By Jan Moller *

6. SHE SAID YES, by Misty Bernall, Plough Publishing House, $17

Bernall points a finger not at the individuals who shot her daughter at Columbine, but at ignorance of the isolation and loneliness faced by teens today. She writes of her daughter's search to belong, which drove her into the occult, and then the struggle she underwent moving away from its influence. Her daughter ultimately found an answer to her problems in Christianity. Although it's an important story, the book contains hard-to-read details of the day of the shooting that seem unnecessary to its message. (140 pp.)

By Christy Ellington * #

7. WHEN CHRIST COMES, by Max Lucado, Word, $21.99

In this encouraging interpretation of spirituality, Lucado presents a day-to-day guide for creating a spiritually based home. Meant as a practical resource for families, this helpful book tries to answer many of the questions people have about Christ and the "final day." Lucado, a preacher, speaks to the reader in a friendly style that's concise, witty, and easy to comprehend. His explanations of love, death, and Christ rely on stories to demonstrate the importance of waiting, looking, trusting, and listening to God. (207 pp.)

By Becky Davis * #

8. ETHICS FOR THE NEW MILLENNIUM, by the Dalai Lama, Riverhead, $24.95

The Tibetan spiritual leader continues voicing his hope for societal harmony by encouraging ethical discipline. Every individual, he argues, must cultivate the essential qualities of compassion, patience, tolerance, and virtue. He admits these are not new ideas, but also includes some of his own ambitious suggestions for change in the 21st century, such as strategically placed zones of peace and a global organization to represent the "conscience of the world." (237 pp.)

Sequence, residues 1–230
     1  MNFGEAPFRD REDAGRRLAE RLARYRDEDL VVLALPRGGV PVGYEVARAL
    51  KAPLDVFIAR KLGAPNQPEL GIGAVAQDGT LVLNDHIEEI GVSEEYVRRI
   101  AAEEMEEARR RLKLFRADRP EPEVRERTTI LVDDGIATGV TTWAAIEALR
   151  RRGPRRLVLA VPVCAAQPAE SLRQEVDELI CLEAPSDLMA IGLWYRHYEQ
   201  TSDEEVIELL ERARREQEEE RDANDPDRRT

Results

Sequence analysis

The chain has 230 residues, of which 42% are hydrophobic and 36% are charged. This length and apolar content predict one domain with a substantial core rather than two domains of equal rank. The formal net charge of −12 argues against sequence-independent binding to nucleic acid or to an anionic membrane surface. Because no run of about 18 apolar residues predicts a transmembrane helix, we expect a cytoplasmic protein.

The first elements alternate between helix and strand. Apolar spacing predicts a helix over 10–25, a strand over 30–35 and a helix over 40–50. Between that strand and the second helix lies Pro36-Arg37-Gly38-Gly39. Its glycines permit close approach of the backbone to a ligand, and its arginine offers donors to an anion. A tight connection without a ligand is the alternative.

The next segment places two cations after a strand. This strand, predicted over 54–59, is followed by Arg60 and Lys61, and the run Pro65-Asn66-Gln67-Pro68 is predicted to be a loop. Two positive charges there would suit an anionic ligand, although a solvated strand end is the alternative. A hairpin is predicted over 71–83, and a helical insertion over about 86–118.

By Leigh Montgomery *

9. DESIRE OF THE EVERLASTING HILLS, by Thomas Cahill, Doubleday, $24.95

Cahill brings texture and atmosphere to the centuries immediately before and after Jesus' birth. He traces the rise of what seemed an insignificant variant of Judaism, and follows its establishment as the Christian faith. This is no dry history. Cahill is insightful, wry, and highly entertaining as he explores the cultural influences, social expectations, and tricky politics of the day. He examines the New Testament in this light, yet remains respectful. His goal, he states early, is to ascertain whether Jesus made a difference. His conclusion is unequivocal. (353 pp.)

By Susan Llewelyn Leach #

10. TRAVELING MERCIES, by Anne Lamott, Pantheon Books, $23

Without a doubt, this book is a '90s autobiography, branded by self-absorbtion. But Lamott's relentless self-analysis yields an interesting portrait of today's seeker. Lamott loses her father, goes through two married lovers, and is hardly ever sober. She struggles with her faith through it all, but clings to a belief in God. On the road to recovery, she arrives at some pure truths. She becomes someone she can accept, yet one senses change comes more through suffering than grace. (Full review, Feb. 11) (275 pp.)

By Trudy Palmer *


(c) Copyright 1999. The Christian Science Publishing Society